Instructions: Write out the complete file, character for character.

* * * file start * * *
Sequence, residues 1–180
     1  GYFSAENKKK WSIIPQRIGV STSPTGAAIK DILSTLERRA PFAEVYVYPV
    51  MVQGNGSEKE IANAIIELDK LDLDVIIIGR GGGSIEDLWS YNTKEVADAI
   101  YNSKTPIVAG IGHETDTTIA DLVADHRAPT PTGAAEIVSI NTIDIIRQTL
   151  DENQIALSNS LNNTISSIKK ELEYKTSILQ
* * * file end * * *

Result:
Sequence, residues 1–180
     1  GYFSAENKKK WSIIPQRIGV STSPTGAAIK DILSTLERRA PFAEVYVYPV
    51  MVQGNGSEKE IANAIIELDK LDLDVIIIGR GGGSIEDLWS YNTKEVADAI
   101  YNSKTPIVAG IGHETDTTIA DLVADHRAPT PTGAAEIVSI NTIDIIRQTL
   151  DENQIALSNS LNNTISSIKK ELEYKTSILQ